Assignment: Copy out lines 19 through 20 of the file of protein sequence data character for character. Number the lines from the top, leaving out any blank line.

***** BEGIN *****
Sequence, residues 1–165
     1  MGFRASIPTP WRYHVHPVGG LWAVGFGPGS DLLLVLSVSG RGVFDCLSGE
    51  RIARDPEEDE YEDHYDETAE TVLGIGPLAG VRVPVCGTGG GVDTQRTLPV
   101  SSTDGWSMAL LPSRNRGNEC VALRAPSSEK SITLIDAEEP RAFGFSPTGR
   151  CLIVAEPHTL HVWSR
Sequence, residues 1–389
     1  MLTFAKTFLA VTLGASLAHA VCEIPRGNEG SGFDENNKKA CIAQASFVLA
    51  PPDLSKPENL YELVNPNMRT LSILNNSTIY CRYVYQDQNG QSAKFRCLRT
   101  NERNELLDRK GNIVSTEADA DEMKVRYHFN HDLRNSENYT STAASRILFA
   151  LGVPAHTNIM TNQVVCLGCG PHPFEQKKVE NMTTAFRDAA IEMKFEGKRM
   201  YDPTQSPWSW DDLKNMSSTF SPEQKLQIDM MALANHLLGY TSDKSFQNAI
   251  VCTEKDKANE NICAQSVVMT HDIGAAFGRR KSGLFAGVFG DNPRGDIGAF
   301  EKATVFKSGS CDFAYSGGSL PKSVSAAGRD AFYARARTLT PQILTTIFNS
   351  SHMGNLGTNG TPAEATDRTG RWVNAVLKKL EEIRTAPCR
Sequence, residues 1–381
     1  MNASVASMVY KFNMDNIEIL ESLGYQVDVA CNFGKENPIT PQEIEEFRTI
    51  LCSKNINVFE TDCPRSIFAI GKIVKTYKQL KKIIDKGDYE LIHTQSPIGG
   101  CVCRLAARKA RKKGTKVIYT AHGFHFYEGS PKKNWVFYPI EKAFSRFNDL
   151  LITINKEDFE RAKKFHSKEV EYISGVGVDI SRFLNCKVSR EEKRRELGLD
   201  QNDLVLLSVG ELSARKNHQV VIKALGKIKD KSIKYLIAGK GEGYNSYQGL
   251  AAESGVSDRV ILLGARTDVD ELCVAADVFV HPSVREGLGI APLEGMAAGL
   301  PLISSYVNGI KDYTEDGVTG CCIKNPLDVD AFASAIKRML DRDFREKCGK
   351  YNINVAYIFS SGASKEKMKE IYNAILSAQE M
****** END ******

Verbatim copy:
   151  LITINKEDFE RAKKFHSKEV EYISGVGVDI SRFLNCKVSR EEKRRELGLD
   201  QNDLVLLSVG ELSARKNHQV VIKALGKIKD KSIKYLIAGK GEGYNSYQGL